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SsangYong: The history of a brand with an uncertain future

Perennially unlucky SsangYong has had three different owners in less than 30 years, and now it’s looking for a new one.

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Vivek Shah
Vivek Shah
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In the automotive industry, South Korea is best known for two brands, namely Hyundai and Kia. Starting small, both of these have become well-renowned brands building world-class cars like the Ioniq 5 and EV6.

Perhaps less well known is Korea’s third car brand, SsangYong. Founded in 1954, SsangYong splits the difference between its Korean counterparts with regard to age, being older than Hyundai but younger than its Kia counterpart.

Nevertheless, with under 3000 sales last year in Australia – where it has a subsidiary operation – the brand is dwarfed by both its compatriots in popularity, and this figure is arguably reflective of its chaotic history and an uncertain future.

History

With the nation partitioned and its infrastructure devastated in the aftermath of the brutal Korean War, the 1950s were a particularly difficult decade for the Korean people.

The company now known as SsangYong was first established as Ha Dong-Hwan Motor Workshop shortly after the end of this conflict. With materials and resources scarce, the firm entered business by making buses and other commercial vehicles with scrap metal from old oil drums, powered by engines from abandoned US military vehicles.

The company gradually grew over the next decade. 1966 gave the company the distinction of being the first South Korean vehicle manufacturer to export vehicles overseas when one of its buses, the HDH R-66, now making use of a Nissan chassis, was sold in Brunei, before also being exported to Vietnam.

The rest of the 1960s and 1970s saw the firm consolidate its position, continuing to build buses and tractors whilst also dipping its toes into passenger vehicles by locally assembling Jeep vehicles in partnership with US carmaker American Motors Corporation (AMC).

Further investment into the passenger vehicle market followed, with the development of the Jeep-derived Korando SUV and the export of vehicles to Japan.

However, the company had over-invested in its model lineup and, running out of funds, was bought by cement manufacturer SsangYong Group in 1986, with all models being produced thereafter sold under the SsangYong brand.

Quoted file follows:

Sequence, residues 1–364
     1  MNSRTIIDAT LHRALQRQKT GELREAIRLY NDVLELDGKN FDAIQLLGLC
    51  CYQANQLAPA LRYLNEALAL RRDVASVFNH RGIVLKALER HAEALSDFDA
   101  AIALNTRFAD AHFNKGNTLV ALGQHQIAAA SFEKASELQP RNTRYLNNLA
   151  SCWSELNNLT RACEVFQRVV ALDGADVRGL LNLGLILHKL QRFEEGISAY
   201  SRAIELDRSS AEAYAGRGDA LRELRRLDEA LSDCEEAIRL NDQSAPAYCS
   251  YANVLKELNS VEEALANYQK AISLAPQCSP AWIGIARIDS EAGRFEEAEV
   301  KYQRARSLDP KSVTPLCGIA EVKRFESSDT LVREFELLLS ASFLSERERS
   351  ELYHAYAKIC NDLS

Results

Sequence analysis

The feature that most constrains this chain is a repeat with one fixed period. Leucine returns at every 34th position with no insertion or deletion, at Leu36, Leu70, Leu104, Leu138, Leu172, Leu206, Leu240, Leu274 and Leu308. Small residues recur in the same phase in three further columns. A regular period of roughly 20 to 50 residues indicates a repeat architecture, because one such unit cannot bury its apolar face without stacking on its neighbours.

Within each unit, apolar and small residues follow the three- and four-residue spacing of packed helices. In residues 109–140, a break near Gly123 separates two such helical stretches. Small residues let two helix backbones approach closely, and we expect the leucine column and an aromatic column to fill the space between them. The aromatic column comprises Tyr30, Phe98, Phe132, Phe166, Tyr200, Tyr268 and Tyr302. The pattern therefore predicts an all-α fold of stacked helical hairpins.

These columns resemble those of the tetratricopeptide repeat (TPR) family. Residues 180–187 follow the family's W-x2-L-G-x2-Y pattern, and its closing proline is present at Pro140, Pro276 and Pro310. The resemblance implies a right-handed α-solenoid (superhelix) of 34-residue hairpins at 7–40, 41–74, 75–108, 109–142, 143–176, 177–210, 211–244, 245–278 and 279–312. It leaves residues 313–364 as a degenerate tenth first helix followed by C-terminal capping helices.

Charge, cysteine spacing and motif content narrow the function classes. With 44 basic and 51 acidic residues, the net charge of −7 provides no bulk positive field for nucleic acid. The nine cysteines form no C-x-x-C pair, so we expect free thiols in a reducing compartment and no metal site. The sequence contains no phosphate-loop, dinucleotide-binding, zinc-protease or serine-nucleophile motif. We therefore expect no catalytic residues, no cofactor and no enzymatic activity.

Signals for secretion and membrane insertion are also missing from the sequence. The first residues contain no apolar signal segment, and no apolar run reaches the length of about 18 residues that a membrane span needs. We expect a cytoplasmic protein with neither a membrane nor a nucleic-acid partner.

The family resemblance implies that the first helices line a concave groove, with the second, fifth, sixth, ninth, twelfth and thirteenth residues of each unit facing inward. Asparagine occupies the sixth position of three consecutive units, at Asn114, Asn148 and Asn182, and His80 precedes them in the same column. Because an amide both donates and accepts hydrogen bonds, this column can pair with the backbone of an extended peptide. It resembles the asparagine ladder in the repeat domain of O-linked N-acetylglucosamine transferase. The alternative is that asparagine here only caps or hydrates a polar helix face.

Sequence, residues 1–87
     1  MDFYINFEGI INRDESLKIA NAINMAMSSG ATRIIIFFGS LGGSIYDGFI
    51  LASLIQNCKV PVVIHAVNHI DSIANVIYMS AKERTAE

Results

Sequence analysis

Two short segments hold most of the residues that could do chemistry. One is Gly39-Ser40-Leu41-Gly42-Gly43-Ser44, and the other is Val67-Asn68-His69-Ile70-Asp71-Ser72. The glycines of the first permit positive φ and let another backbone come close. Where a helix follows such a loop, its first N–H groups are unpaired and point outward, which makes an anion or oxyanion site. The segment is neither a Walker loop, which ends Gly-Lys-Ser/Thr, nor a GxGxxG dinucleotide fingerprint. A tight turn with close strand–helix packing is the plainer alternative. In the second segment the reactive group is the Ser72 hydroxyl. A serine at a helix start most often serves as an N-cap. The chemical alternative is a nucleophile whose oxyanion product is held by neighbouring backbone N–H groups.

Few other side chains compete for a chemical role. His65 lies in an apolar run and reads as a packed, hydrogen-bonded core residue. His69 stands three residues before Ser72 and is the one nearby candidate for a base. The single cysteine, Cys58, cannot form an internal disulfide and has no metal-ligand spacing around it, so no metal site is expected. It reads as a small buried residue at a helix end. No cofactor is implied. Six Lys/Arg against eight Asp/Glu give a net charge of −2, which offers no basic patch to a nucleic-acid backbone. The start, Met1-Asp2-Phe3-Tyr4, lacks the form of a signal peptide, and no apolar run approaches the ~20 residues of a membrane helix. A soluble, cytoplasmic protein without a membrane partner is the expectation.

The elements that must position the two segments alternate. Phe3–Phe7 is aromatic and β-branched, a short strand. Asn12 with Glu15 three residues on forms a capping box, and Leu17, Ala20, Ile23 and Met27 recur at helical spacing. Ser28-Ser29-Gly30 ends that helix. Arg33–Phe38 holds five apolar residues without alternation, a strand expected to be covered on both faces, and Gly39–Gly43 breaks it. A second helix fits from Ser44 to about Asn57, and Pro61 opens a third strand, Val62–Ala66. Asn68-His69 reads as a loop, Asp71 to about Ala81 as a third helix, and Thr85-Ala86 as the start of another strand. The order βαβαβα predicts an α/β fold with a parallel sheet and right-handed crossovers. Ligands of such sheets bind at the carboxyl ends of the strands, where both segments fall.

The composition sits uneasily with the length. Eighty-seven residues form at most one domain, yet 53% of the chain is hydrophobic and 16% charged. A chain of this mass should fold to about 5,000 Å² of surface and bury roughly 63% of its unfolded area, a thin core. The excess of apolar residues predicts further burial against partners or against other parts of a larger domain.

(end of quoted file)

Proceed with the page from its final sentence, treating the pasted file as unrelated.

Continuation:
Newly rebranded and with increased funds, the company now known as SsangYong had ambitions for a global presence. But rather than developing the required sales channels, dealerships and technology to be competitive in-house, the firm instead agreed to a technical partnership with Mercedes-Benz in 1991.

At first glance, this appeared to be a win-win scenario for both firms, with the Korean brand gaining access to Mercedes-Benz powertrains and associated technology, as well as their global distribution network. Mercedes-Benz, in turn, would enjoy additional revenue from licensing and selling its technology to its Korean partner, and having the option of using SsangYong products to plug any holes in its existing lineup.

The first fruit of this partnership was the SsangYong Musso, an SUV offered through Mercedes-Benz dealerships locally from 1996 (but not branded as such), and available with either a 3.2-litre petrol engine with 161kW of power, or a 2.9-litre diesel engine with just 70kW of power. Both engines were able to be mated with a four-speed automatic transmission borrowed from the Mercedes S-Class of the time.

Other cars using Mercedes technology followed, including the Rexton and perhaps most notably the Chairman sedan, which was based on W124 Mercedes-Benz E-Class underpinnings but sized (and styled) to resemble the larger S-Class.

Despite the technical partnership, the firm’s finances failed to improve, and successive takeovers took place. First came fellow Korean brand Daewoo in 1997, which subsequently sold it in 2000 when its own financial situation deteriorated.

It was subsequently acquired by Chinese giant SAIC in 2004. With a dated and still uninspiring lineup, sales continued to flatline. Coupled with the onset of the Global Financial Crisis, SAIC went on a cost-cutting drive and attempted to reduce the firm’s wage bill.

Tragically, this led to the death of an employee from a cerebral haemorrhage in 2009 after workers went on strike by barricading themselves inside SsangYong’s main factory, and were subsequently denied food, water and other medicines. SAIC finally decided to sell its SsangYong business to Indian firm Mahindra & Mahindra.

Mahindra ownership